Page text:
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I said "dog bones" in my post, but I should have said "drop downs" or hangers.  The two parts the "dog bone" attaches to to create a square support structure, that the rear of the control arms seat in..  It's not clear from their drawing if they got rid or that or not.  

 

The two studs for the mustache bar weren't meant to handle the lateral forces that they would see if those guys are really using them as the attachment points for the cradle.  Those two studs just direct the mustache bar forces and have to handle the inertia of the eighty pound diff on corner.

 

Full disclosure, I'm just here for the puzzle.  Some pictures of the parts actually in a car would tell a lot.  Poor marketing.

 

image.png.8660986aa50a22b70be74baa8ae5b2bc.png

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I have been looking into the Apex Engineered and Techno Toy Tuning suspensions parts as I start my full restoration and VQ37VHR swap and this thread has been very helpful.  I spoke to TTT recently and they informed me that they were developing a Ford 8.8 rear suspension swap that involved a custom diff cover for mounting to their mustache bar, and it would use their new power cradle (https://technotoytuning.com/nissan/240z/z-power-cradle-short-nose-r200r230-and-ford-88) for front mounting and tying together the whole rear suspension for added support effectively combining the mustache bar to the LCA via the diff similar to the Apex rear end, only using more pieces.  Both companies look like they make excellent suspension parts for these car and have done the testing and engineering, I think when its all said and done if somebody wants to put a Ford 8.8 in their 240Z for the strength, availability, and aftermarket support, and wants to do it using either of these companies kits they are ultimately going to end up with the mustache bar, LCA, and diff connected in some fashion. I know what has sold me on the Apex kit is that it is roughly half the price of TTT kit which totals ~$4K when you factor in the power cradle add-on for the Ford 8.8 and uses 370Z hubs which is good for my application since I am swapping in a 370Z engine (maybe able to actually get a speedometer signal from the wheel sensor to the ECU now which would simply gauge wiring immensely).  For a true-to-240Z resto-mod I could justify spending the money on the TTT kit.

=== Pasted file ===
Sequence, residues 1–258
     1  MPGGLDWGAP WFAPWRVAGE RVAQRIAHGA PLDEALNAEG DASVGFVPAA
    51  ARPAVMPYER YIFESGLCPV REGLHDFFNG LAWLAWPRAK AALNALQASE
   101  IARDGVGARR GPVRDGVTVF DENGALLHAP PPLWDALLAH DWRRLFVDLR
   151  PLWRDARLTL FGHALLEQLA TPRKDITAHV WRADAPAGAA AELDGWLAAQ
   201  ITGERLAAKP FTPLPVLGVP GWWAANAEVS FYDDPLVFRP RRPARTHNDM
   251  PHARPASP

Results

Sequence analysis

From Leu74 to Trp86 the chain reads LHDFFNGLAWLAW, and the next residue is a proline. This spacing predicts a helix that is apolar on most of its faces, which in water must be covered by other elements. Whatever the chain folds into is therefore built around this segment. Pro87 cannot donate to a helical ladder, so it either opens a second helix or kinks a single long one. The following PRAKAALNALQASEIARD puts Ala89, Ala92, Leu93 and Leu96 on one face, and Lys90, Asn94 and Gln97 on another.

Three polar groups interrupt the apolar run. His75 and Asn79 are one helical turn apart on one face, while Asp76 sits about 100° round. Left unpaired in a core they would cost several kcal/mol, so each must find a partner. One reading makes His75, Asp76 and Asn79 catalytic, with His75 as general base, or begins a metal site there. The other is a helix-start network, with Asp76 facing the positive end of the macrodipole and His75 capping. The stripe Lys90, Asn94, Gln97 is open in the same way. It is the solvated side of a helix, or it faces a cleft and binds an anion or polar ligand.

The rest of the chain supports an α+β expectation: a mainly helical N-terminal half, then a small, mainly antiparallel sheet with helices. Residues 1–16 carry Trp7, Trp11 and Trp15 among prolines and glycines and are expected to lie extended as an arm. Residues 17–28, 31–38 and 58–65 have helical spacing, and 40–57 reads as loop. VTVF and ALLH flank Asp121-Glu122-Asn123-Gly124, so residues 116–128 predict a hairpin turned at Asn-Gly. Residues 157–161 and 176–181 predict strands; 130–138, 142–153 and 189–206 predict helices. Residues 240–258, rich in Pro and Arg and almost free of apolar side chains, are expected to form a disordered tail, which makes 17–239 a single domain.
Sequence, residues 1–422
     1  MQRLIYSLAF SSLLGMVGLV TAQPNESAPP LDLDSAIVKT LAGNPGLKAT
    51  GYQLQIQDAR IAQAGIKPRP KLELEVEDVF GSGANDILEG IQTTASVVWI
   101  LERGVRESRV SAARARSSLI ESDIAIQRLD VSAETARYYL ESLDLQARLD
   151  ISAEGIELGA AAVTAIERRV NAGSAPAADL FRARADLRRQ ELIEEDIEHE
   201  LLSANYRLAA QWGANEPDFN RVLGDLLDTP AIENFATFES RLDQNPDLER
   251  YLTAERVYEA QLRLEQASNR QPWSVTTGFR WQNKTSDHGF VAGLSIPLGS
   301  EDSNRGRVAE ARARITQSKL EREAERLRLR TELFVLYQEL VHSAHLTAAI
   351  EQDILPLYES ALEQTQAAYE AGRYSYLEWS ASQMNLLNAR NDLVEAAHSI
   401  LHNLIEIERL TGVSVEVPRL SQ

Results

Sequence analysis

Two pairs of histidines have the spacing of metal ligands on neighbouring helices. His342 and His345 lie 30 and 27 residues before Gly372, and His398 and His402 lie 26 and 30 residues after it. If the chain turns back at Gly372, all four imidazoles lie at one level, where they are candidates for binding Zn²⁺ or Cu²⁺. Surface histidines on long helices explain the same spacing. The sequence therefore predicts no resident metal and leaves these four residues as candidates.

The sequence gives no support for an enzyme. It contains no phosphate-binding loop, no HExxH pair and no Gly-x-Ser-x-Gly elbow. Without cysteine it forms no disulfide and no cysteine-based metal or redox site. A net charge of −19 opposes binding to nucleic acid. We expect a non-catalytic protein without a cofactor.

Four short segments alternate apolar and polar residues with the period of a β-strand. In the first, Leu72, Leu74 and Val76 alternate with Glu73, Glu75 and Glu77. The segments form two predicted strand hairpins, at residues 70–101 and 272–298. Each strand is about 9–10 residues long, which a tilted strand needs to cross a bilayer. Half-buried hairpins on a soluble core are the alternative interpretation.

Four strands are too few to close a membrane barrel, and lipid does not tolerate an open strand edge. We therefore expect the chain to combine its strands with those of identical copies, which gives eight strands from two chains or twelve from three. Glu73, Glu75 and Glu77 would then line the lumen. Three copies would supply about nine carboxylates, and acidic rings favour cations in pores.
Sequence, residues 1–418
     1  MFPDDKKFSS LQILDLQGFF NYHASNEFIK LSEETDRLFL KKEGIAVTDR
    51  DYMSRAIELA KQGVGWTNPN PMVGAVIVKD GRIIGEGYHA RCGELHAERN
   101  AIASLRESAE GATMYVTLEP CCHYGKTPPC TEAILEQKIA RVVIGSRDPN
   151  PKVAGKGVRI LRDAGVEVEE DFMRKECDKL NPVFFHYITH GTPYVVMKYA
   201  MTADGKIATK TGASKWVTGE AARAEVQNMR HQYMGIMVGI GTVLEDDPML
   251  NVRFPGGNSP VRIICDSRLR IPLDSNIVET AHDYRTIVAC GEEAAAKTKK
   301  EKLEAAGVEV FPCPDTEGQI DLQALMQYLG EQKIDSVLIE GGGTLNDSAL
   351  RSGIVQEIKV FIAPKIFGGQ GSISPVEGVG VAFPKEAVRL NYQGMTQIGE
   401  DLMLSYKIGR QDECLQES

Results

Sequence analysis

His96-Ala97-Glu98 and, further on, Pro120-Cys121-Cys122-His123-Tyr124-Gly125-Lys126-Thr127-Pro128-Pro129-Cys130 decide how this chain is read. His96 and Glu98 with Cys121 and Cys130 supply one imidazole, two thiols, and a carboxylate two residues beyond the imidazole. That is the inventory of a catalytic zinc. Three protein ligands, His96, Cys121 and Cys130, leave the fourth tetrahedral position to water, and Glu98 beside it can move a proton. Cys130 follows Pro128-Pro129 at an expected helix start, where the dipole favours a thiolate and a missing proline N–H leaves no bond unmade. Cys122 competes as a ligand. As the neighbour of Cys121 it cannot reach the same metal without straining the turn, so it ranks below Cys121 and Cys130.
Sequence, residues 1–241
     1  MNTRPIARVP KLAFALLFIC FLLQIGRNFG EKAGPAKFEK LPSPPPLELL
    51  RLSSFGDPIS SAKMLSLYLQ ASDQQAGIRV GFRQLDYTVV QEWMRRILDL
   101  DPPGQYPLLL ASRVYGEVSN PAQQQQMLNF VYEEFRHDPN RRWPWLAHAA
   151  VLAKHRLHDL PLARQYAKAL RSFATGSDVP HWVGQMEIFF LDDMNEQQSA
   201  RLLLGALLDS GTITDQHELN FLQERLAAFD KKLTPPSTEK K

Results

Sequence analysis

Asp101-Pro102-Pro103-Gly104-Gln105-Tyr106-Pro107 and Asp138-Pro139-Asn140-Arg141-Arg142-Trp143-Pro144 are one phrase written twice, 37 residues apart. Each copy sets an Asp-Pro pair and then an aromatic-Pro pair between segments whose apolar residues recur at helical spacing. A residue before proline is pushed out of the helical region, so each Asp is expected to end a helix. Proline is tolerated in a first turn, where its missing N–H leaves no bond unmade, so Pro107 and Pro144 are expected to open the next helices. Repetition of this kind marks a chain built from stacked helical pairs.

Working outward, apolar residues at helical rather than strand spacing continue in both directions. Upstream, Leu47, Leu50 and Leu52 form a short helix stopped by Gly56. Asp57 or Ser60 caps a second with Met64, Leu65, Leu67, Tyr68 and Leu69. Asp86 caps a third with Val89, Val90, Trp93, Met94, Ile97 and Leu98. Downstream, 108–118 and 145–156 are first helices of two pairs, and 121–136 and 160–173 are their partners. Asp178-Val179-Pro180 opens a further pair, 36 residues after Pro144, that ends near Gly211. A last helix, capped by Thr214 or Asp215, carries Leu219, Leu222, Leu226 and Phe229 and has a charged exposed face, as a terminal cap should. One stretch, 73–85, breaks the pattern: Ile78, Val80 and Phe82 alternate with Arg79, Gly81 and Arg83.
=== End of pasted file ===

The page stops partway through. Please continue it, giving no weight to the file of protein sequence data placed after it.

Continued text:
I am basing this some conversations with both companies and the limited amount of pictures and install instructions for both of these kits, so please feel free to correct me if I am wrong in my reasoning or understanding here.

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25 minutes ago, Sanchez said:

the limited amount of pictures and install instructions for both of these kits,

 

Tell them that you'll buy one after you see pictures of the product actually installed in a car.  That's reasonable and sensible.  

 

There was a guy on the forum a few years ago that was welding up some very nice looking intake manifolds.  But he didn't have any data showing how they worked on an engine.  He took many orders, collected lots of money for a Group Buy, took forever to get the first few out, they didn't fit, and he ripped off many of the people who never got a manifold.  He lived the good life in the meantime, getting married and probably using all of his ill-gotten money for his wedding.

 

Some people mean well but just can't get it done.  Some people are just trying to make some money over the internet.  Scammers.

 

Search for "Senza Pari" on the site and around the internet.

 

https://forums.hybridz.org/search/?q=Senza Pari